In France, it is increasingly hard to find farmhouse cheeses made with milk from a single farm. Most examples are produced in very small quantities from raw milk and these are rarely found outside the area of production. This soft surface mould-ripened cheese, specially selected by Will Studd is a wonderful exception. It is handmade in a modern purpose-built ‘fermier’ that lives in the shade of the Rambouillet deer forest south-west of Paris. Le Marquis is made with fresh pasteurised milk sourced exclusively from a small herd of pampered Friesian cows. The unique combination of moulds, cultures and traditional popular wood box helps ensure the chalky centre of the young cheese slowly breaks down to a soft gooey texture over 3 to 4 weeks of careful ripening. One can tell when Le Marquis Brie is at its optimum because it has a distinctive fungal aroma and is soft when pressed. The cowy barnyard flavours of the mature cheese are a perfect reminder of why ‘fermier’cheese is so special.
With the cheese, Nick served figs drizzled with a special balsamic vinegar that he purchased in Modena.
It was Peter Mannners’ birthday. A lot of us can hope to be cooking for our Society at 97 years of age, Peter provided a Cockburn’s tawny port to go with our coffee and we finished lunch with a rousing rendition the birthday song and a smile.
Today’s wine lunch was an All White affair with a selection of vintages of the iconic Tyrrell’s Vat 1 Semillon.
Consequently, the aperitif wines were a pair of Pinot Noirs to avoid the Society’s well-known symptoms of tannin withdrawal. A 2013 Seville Estate Pinot Noir was certainly on the money with tannin. Still showing varietal fruit aromas it was losing a little flavour of the palate with a dry finish. Continuing the theme we had a 2010 Tyrrell’s Vat 6 Pinot Noir. After 11 years, the wine had softened significantly with fine tannins and a pleasing texture.
Once we sat down we started on the prepoured Tyrrell’s Semillons. The first was a young 2018 (12.0% alcohol). Still very primary with obvious SO2 aromas. Still, with locked in ferment esters it was perhaps a little on the commercial side. Acids were quite soft with the expected lean palate. The 2014 (11.5% alcohol) was a step up in quality and the preferred wine for many in the room. The aromas were starting to show development although there was still a whiff of sulphur dioxide. A great fruit profile was balanced with structure and acidity. A wine with wonderful purity and length.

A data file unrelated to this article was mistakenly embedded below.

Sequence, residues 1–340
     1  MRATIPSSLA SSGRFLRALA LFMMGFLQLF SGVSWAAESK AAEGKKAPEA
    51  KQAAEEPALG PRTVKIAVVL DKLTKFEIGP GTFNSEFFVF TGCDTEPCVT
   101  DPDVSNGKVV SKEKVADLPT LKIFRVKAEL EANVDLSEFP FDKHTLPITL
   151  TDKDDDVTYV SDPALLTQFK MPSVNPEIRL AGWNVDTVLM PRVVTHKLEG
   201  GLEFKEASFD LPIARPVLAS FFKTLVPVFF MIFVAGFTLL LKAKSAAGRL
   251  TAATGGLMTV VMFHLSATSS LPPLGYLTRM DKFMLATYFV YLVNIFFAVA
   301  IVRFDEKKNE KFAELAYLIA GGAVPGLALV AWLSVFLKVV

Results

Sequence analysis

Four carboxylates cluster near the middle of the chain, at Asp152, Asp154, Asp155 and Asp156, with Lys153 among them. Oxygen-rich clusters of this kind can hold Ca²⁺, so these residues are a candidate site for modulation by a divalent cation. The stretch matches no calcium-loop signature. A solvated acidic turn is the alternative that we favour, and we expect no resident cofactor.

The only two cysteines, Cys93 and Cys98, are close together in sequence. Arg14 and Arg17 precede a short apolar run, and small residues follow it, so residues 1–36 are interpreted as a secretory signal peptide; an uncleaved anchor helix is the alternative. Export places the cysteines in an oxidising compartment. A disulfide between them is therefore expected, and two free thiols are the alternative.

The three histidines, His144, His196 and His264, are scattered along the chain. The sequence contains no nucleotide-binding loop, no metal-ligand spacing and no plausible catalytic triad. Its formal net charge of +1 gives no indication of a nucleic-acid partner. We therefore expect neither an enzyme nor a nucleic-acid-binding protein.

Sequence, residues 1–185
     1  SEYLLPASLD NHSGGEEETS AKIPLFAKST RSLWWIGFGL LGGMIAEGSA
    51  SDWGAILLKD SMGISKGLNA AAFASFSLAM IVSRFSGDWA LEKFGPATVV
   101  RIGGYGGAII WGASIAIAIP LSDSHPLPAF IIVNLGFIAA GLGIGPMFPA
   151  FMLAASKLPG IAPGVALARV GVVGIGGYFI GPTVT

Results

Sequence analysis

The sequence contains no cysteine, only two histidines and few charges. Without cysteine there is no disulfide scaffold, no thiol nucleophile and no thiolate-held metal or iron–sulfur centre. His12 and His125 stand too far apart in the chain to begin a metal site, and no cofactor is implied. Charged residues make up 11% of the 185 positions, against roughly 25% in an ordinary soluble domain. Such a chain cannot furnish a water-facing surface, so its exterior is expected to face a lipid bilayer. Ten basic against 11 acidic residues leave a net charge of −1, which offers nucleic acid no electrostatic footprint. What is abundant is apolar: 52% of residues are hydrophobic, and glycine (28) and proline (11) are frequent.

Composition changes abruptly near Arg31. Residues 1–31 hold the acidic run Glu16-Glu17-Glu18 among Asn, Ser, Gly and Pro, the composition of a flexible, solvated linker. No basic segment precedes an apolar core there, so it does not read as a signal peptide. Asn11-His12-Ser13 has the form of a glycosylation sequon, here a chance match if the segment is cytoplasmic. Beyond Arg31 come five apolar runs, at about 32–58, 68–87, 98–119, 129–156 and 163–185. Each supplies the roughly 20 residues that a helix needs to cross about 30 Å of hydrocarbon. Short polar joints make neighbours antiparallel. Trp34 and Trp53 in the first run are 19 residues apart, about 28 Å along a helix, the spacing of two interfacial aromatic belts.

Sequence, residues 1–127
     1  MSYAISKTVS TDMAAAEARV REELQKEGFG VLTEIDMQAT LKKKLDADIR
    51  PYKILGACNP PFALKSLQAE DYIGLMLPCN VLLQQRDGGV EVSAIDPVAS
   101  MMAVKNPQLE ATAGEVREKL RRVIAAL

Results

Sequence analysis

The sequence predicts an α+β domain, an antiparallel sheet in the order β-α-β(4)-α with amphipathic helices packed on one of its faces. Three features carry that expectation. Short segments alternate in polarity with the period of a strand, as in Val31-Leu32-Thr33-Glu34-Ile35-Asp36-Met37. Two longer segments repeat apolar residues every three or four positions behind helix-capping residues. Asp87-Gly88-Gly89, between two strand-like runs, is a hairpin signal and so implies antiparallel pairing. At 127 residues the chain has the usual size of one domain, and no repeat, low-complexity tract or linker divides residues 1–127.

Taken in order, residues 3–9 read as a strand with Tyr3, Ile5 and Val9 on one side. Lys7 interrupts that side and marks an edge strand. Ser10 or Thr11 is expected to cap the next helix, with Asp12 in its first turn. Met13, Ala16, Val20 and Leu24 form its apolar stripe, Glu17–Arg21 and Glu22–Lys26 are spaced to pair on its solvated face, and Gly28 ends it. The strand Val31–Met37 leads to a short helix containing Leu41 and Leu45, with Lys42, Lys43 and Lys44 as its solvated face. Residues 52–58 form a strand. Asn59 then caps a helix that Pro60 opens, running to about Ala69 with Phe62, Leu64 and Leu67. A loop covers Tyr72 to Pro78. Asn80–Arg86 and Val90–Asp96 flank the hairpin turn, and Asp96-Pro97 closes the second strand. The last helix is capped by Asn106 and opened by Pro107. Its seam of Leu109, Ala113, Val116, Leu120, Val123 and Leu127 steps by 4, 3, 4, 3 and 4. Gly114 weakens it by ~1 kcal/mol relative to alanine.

To finish the wines from the decade we tasted from the 2012 (10.5% alcohol) vintage. With an alcohol and acidity that we have traditionally seem from the Hunter, it showed some dusty, mulberry, green notes with a lean palate. The 2007 (12.0% alcohol) which followed, was a return to the bigger style. Very much in the toasty, aged Hunter style, it was still bright in the mouth with a fruit richness complemented by a slightly phenolic finish.
The final two wines were starting to show their age. Although the 2004 (10.2% alcohol) was under screw cap it was showing honeyed notes and a suspicion of oak. The flavours had diminished which left an acid finish. The 1998 (10.4% alcohol) was under cork and there was a slight variation between bottles. The best showed aged buttered toast notes and some aldehyde. The palate, however, was still bright with excellent structure and a fine fruit/acid balance.
A truly fantastic experience showcasing Tyrrell’s, Semillon, the Hunter and a spread of 23 vintages. A unique tasting that should have drawn a full house.
23 March 2021 - CoTD Peter Kelso
Food review by James Tinslay and wine review by Chilly Hargrave.
Apologies for the lack of photos, a misunderstanding.
Peter Kelso was in the kitchen today preparing a meal that had been postponed from February.
As we are back to vertical drinking, we started with a cold cucumber soup with onion, pepper et cetera. As a person who despises celery, I have to say I rather enjoyed this cold starter. Next up was a flatbread pinwheel that had been layered with salmon and mustard. There were large quantities but it all seemed to disappear during the aperitif vino.
The main came with a beautiful presentation. A Japanese based meal, kingfish which had been glazed with mirin, sake and sugar. It had been briefly oven cooked and was served with Japanese dashi stock, vegetable stock, seafood stock and a few other bits and pieces. Udon noodles were added to the brew before serving. Besides the appealing look of the dish, it was very flavourful and the fish was moist. It was tasty and I daresay it was healthy. The dish received very positive comments.
The cheese from James Healey today had been sourced from the Calendar Cheese Company and was a Heidi Farms Gruyere which comes in 10 kg rounds. The farm is in Tasmania’s north and Heidi Farm cheeses are produced using milk from neighbouring farms giving them consistent and unique characteristics that are specific to the location.